Mumbai: A recent CAG audit at 11 leading private charitable hospitals in the state, has revealed that seven out of those 11 hospitals were charging high rates from poor patients with heavy deposits during the time of admission of the patient. This is in complete violation of the contract that there charitable hospitals has with the government.
The report of CAG clearly states that P D Hinduja, Lilavati, Saifee, Kokilaben Ambani, Breach Candy, Sushrut and Thane’s Bethany hospitals were not extending their facilities to the poor patients in lieu of the FSI and land concessions granted to them.These included availability of less numbers of Beds than reserved for Poor patients at these hospitals.
On directions of the Bombay high court, the charity commissioner of Maharashtra in 2006, had framed a scheme for treatment of poor patients in reputed charitable hospitals.Under the Scheme for reservation of bed for poor patients, certain charitable hospitals are supposed to set aside 10% of their beds for indigent patients and give concessions to another 10% from weaker sections.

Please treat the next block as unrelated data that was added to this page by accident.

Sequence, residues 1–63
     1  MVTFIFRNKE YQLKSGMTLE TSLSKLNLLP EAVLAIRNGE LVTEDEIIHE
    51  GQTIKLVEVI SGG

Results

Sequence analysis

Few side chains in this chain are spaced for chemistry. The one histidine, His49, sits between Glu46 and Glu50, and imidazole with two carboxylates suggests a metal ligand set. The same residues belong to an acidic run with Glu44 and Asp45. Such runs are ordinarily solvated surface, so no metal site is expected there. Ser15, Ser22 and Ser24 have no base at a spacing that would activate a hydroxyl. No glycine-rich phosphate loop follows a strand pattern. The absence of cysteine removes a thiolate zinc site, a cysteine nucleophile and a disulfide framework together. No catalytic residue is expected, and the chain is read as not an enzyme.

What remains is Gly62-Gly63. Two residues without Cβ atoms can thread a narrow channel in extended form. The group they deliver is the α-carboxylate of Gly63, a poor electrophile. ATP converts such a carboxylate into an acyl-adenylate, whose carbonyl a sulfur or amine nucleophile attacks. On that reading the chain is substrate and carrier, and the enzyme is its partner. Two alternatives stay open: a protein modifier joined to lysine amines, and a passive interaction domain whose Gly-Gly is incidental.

In order to benefit the poor patients with the quality medical treatment, hospitals giants including Bombay, Lilavati, Saifee and Hinduja were also granted additional floor space index (FSI) by the BMC on the promise that they would allocate 20% of total operational beds to below-poverty-line patients free of cost.
The CAG report further highlighted, that Kokilaben and Sushrut hospitals, which were given land at a concessional lease of Rs 1 per annum, did not increase their reservation limit for poor patients. Moreover, instead of 15 percent concessional treatment, Kokilaben Ambani Hospital provided only 10% of beds for free and concessional treatment.
Executive director of the hospital, Dr Ram Narain, Kokilaben Ambani Hospital however, told TOI, “We continue to treat 10% patients for free and 10% on concessional rates. We can comment once there is an official communication”.
As per the report, Sushrut hospital, which was supposed to reserve 30% of its beds, only gave 10%.
A scrutiny of six bills in Hinduja and 55 bills in Bethany showed that poor patients were charged 50% towards anesthesia, ICU, doctors’ fee, imaging tests, OT and surgery charges, whereas under the scheme, they can only be billed for medicines, consumables and implants.
“This led to an undue financial burden on the weaker section patients to the extent of Rs 38.03 lakh in these two hospitals,” the report stated.